The liquid crystal material may contain a chiral dopant. The chiral dopant may induce the 90° degree twist of the director across the layer.

The liquid crystal material may be a nematic liquid crystal material of positive dielectric anisotropy.

The liquid crystal material may be a smectic liquid crystal material.

The liquid crystal material may be a nematic liquid crystal material of negative dielectric anisotrophy.

The pretilts at the first and second alignment surfaces may be substantially equal to each other.

The rotator may comprise an electrode arrangement for selectively applying a field across at least one region of the layer. The electrode arrangement may comprise an active or passive matrix.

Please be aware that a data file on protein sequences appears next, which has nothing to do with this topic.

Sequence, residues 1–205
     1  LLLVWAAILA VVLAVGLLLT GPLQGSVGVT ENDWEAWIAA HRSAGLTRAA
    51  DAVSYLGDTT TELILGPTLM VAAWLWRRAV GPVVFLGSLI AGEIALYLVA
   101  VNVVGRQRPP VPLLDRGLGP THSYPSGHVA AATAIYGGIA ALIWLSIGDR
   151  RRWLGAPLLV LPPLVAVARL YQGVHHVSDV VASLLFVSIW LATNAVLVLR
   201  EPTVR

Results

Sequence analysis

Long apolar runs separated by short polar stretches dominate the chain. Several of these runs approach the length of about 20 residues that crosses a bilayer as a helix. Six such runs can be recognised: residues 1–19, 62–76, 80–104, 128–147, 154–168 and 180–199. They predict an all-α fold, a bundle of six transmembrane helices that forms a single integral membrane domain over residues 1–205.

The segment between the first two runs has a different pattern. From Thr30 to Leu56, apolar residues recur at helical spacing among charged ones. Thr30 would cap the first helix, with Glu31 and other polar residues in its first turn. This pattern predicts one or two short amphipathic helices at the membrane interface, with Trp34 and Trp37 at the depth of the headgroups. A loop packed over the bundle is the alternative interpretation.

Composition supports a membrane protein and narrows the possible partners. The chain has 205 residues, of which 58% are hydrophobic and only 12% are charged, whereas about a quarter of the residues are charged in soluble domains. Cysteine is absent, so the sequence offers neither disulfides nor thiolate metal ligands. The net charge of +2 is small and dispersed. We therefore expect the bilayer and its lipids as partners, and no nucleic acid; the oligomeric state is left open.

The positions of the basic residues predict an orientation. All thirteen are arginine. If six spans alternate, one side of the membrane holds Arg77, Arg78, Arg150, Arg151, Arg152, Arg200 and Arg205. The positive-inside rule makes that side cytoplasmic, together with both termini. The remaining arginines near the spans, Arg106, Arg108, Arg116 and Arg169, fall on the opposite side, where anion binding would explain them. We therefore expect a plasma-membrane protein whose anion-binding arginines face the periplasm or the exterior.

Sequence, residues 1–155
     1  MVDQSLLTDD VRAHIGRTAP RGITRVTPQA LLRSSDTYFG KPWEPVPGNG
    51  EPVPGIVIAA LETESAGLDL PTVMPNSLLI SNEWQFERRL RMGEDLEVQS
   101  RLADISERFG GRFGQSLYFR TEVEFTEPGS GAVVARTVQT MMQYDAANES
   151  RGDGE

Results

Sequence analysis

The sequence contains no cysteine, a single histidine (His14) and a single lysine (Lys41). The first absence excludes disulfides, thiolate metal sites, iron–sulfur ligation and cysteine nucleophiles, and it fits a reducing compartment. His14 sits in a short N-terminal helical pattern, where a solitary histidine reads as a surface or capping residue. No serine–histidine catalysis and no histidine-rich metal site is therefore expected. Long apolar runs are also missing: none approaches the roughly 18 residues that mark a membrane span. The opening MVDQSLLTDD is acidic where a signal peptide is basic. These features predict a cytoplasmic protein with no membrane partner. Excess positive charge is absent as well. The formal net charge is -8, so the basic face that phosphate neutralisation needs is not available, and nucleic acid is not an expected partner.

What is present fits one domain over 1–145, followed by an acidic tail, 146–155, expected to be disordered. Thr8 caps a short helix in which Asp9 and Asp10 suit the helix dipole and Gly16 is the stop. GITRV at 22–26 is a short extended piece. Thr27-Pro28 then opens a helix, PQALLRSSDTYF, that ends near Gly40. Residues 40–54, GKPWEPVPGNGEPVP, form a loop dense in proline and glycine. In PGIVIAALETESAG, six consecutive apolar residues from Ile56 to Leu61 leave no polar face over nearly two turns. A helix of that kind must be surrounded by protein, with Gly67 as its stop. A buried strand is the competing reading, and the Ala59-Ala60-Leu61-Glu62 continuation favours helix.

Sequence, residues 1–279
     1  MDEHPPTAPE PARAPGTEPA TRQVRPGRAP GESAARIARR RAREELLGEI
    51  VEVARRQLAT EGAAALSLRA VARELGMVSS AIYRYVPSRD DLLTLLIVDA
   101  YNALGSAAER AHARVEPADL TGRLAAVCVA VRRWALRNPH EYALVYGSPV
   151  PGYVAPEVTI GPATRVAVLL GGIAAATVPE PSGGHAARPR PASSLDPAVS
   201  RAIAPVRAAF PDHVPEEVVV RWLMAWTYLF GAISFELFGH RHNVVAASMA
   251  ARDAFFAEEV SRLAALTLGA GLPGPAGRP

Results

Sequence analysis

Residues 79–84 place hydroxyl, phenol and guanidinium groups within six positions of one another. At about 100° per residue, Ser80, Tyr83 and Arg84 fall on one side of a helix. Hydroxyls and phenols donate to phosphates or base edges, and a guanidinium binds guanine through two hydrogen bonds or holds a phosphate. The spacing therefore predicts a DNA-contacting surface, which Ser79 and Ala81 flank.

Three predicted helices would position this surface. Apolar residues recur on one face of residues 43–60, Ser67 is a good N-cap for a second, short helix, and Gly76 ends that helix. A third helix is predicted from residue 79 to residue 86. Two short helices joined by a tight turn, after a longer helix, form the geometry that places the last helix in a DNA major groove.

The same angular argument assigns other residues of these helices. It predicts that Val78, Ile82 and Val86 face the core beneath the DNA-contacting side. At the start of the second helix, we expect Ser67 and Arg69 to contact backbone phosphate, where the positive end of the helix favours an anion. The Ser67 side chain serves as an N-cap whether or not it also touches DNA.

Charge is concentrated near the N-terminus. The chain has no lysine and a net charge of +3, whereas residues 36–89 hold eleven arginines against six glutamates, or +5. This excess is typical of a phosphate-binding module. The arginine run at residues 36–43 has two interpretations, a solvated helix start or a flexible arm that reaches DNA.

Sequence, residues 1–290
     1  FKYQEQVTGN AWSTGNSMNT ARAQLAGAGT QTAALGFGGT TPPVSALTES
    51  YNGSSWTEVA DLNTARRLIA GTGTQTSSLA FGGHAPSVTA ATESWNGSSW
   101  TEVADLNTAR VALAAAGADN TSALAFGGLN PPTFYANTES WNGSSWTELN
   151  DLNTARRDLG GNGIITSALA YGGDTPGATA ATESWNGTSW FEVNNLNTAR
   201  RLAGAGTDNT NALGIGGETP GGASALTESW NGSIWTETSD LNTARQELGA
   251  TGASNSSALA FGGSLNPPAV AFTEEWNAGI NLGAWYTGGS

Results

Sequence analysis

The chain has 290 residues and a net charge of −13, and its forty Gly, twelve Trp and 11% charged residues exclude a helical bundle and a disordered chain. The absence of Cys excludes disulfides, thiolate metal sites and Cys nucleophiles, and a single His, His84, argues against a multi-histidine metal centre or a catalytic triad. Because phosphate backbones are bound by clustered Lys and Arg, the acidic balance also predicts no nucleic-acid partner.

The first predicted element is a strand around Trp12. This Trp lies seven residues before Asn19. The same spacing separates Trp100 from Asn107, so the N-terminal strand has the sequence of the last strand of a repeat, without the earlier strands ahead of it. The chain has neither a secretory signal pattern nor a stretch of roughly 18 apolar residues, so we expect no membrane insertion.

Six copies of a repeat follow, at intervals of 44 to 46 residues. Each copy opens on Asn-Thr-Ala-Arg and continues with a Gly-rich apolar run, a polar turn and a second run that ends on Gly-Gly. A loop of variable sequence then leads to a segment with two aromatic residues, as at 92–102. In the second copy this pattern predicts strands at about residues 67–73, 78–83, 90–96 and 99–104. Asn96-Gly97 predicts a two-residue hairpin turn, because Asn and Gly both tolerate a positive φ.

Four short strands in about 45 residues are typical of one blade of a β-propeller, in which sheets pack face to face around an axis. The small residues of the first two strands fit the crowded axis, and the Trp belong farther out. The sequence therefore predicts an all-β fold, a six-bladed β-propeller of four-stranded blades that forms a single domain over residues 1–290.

The rotator may comprise an input polariser having a transmission axis oriented at −θ to the alignment direction of the first alignment surface.

The rotator may comprise an output polariser having a transmission axis substantially perpendicular to the polarization direction of the input light.

The rotator may comprise an output polariser having a transmission axis oriented at substantially (γ±n.90)° to the polarization direction of the input light, where n is an integer.

The absolute value of γ may be greater than or equal to 40° and may be less than or equal to 70°. γ may be equal to ±45° and Δn.d/λ may be equal to 0.487. θ may be equal to ∓22.5°. As an alternative, θ may be equal to ∓12.5°.

γ may be equal to ±55° and Δn.d/λ may be equal to 0.55. θ may be equal to ∓17.5°.

The absolute value of γ may be greater than or equal to 175° and may be less than or equal to 180°. γ may be equal to 180°, θ may be equal to ±45° and Δn.d/λ may be equal to 1.414. As an alternative, γ may be equal to ±178°, θ may be equal to ±44° and Δn.d/λ may be equal to 0.105.